March 28, 2021

Dear Ruth Bader Ginsburg, 

I wear this lace jabot in honor of you this morning, as I pen these words to your spirit which I heartily believe continues on, even as your body has ceased functioning. For 87 years, it was your dwelling place and focus for all your energies. Until the very end, your work on America’s Supreme Court was in high gear, even as you were fighting through four separate bouts of cancer and all the related chemotherapy and radiation therapy treatments. 

But the fifth time would prove simply too much. 

You died September 8, 2020. 

Ten days after your body succumbed, tribute was paid to you in a most appropriate way. Opera was one of your greatest loves; you once said that music makes life worth living, and opera in particular had the power to absorb your attentions completely and give you a break from the all-consuming work of the Court. 

That’s what figure skating does for me, in my line of work, so I can understand the love. 

So it was on September 18, 2020, that the Lincoln Center for the Performing Arts paid tribute to you with a performance of an aria from Beethoven’s Fidelio—a work that you yourself said gave you “the greatest hope for the future.“ Greatest hope—perhaps because Beethoven’s opera featured one of the strongest independent female heroines in opera history, the woman Lenore, whose entire story is about how she dared all to fight political injustice on behalf of those she loved, and demonstrated unshakeable courage and vision. 

That’s who you are, and that’s what your life’s work was all about: helping, through changes to law, to create a society that allows more and more women to be all that they can be. Which, at the same time, means men being liberated from whatever toxic gender stereotypes are boxing them in. You called for both women and men to forge “new, shared patterns of career and parenthood,” “striving to create a society that facilitates those patterns.” Again, you have said that “Human caring and concern, for home, children, and the welfare of others, ought not be regarded as dominantly ‘women’s work’; it should become the work of all.” 

Lenore from the opera is you, as you dared fight for a justice that opens doors to lives of greater authenticity for more women and more men.  

In your later years, an interviewer once asked you, “And when the time comes, what would you like to be remembered for?” Your reply? “Someone who used whatever talent she had to do her work to the very best of her ability. And to help repair tears in her society, to make things a little better through the use of whatever ability she has.”

Ruth, hearing this, I just have to share with you a special word that comes from my religious tradition of Unitarian Universalism. The word was coined by one of our greatest preachers, Hosea Ballou, who believed that God made human nature to be such that doing good deeply and lastingly satisfies. Fear of hellfire and damnation is an inferior sort of motivation, Ballou believed, because it was unnecessary psychologically, but there was also the fact (in his mind, and mine too) that eternal hellfire and damnation don’t even exist to begin with. What does exist, however, is the deep hunger in every person’s heart to be of service, in a way that is unique to them.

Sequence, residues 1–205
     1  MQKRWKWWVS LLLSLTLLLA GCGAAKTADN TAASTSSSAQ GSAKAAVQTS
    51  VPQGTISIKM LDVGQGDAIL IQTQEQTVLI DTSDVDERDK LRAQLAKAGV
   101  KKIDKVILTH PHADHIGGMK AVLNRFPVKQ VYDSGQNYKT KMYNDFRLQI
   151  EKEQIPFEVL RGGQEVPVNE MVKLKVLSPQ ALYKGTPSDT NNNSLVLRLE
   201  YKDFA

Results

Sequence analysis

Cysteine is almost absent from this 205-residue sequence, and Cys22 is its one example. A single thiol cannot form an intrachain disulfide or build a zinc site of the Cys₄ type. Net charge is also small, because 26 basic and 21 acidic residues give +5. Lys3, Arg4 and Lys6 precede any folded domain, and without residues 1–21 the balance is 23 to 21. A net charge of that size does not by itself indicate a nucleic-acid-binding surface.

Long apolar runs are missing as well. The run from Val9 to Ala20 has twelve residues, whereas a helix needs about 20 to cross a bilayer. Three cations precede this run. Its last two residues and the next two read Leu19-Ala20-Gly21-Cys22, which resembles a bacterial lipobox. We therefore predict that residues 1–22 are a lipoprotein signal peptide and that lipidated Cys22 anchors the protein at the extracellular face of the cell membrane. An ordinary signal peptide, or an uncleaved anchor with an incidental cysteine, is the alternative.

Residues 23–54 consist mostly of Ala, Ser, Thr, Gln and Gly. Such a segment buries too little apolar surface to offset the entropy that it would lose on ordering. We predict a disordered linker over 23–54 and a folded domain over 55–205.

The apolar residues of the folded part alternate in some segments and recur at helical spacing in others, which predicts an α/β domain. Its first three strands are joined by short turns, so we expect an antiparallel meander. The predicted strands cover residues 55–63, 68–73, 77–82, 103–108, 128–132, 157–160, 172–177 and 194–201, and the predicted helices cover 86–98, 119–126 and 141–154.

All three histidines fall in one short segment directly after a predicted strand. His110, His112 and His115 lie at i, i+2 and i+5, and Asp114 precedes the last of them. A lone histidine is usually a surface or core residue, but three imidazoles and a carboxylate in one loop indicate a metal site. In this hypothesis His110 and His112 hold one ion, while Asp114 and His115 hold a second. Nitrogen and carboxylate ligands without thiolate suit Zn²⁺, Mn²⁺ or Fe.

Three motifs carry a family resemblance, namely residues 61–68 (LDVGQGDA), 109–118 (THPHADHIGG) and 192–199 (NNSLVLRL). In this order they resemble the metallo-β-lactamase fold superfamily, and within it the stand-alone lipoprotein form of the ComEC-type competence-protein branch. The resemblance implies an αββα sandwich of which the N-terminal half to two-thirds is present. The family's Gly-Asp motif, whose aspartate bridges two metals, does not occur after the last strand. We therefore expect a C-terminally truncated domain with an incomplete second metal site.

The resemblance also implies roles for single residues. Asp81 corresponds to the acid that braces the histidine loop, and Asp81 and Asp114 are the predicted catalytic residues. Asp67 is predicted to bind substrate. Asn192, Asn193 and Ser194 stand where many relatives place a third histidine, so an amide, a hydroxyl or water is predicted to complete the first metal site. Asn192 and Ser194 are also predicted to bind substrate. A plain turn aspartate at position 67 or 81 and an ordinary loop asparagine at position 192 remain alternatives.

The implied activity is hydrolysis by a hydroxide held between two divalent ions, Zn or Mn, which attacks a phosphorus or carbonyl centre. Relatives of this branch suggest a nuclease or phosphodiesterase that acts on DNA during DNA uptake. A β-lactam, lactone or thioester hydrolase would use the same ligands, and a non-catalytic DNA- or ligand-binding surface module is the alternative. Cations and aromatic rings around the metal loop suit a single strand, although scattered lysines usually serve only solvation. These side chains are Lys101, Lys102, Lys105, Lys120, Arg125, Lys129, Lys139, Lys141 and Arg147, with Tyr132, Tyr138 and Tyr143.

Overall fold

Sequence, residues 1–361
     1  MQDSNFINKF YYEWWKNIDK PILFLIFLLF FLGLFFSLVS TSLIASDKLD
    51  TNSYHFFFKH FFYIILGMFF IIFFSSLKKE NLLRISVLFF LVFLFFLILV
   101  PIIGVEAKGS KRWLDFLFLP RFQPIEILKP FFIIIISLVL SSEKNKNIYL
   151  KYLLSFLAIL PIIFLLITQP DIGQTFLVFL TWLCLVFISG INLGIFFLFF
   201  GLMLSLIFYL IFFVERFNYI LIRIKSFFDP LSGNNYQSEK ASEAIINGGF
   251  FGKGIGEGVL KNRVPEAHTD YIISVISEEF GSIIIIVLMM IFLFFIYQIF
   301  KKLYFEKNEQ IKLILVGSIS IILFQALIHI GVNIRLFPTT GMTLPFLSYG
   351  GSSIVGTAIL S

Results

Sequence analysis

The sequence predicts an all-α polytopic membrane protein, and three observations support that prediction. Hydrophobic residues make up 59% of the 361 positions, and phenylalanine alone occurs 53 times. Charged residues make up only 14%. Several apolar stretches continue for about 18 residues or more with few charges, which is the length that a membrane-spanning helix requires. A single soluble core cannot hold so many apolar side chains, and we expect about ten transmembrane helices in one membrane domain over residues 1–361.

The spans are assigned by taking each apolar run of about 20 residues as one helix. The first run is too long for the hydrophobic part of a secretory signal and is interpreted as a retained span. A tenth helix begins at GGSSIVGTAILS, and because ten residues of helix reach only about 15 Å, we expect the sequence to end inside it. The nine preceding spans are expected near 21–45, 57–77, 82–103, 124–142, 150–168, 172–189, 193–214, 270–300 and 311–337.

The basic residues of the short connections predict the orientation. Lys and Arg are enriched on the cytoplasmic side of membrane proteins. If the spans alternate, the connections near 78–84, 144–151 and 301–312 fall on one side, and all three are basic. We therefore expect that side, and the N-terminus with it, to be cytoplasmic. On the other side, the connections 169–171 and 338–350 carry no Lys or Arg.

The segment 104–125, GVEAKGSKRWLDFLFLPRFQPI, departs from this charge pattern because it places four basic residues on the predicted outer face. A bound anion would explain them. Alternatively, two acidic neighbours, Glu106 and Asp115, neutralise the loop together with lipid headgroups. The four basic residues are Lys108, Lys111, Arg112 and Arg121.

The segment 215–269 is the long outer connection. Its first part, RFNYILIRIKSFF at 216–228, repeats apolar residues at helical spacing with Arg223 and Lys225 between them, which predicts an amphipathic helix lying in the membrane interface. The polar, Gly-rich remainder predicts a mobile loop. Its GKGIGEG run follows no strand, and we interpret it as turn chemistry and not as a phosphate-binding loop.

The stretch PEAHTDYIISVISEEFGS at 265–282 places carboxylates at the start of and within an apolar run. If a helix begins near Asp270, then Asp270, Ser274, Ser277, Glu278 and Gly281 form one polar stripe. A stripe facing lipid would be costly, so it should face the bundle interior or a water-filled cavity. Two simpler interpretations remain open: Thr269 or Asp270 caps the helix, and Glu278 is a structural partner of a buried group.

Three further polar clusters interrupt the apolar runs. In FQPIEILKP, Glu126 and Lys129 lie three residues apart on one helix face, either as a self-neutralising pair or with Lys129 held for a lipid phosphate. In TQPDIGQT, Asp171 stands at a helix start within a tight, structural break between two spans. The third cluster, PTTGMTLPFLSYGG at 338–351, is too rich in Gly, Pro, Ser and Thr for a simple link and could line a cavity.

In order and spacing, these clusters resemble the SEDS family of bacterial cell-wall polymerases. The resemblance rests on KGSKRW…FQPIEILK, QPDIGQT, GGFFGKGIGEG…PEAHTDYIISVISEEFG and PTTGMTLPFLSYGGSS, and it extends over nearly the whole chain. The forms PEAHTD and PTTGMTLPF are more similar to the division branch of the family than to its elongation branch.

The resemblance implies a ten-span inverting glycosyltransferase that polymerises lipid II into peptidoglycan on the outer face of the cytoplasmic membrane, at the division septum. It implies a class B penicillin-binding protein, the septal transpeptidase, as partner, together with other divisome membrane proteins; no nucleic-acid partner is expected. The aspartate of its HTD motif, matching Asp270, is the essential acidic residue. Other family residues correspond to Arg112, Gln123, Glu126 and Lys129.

Hosea Ballou called this “happification.” That’s the word he coined. To be “happified” is to find your sweet spot of service to the world beyond yourself, in a way that expresses your unique passions and gifts.  

You are one of the best examples of this I know. 

Happified is who you are. 

But in saying this, I don’t mean to suggest that being happified is the same as feeling happy emotions. It doesn’t mean that life feels easy. People who are happified, like yourself, are often more likely to feel disappointed than others, because you care. Because you are paying attention, and are engaged. Bad decisions that run contrary to justice aren’t things that truly happified people can easily turn a blind eye to. 

One example of this was in 2013, when a 5-4 majority of your colleagues on the Supreme Court voted to strike down Section 5 of the Voting Rights Act, which required states with a history of voter suppression and discrimination to apply for “preclearance” from the federal government should they want to make a change to their voting rules. Chief Justice John Roberts, representing the majority, argued that “Any racial discrimination in voting is too much, but our country has changed in the last fifty years.” 

That’s what he says. 

Your dissenting opinion has become legendary. You said, “Throwing out preclearance when it has worked and is continuing to work to stop discriminatory changes is like throwing away your umbrella in a rainstorm because you are not getting wet.” 

Bam!

Then you quoted a saying from another of our Unitarian Universalist ancestors, Theodore Parker, which was made famous, a hundred or so years later, by Dr. King: that “the arc of the moral universe bends towards justice.” The arc does bend, you said, but only “if there is a steadfast commitment to see the task through to completion.” 

Boom!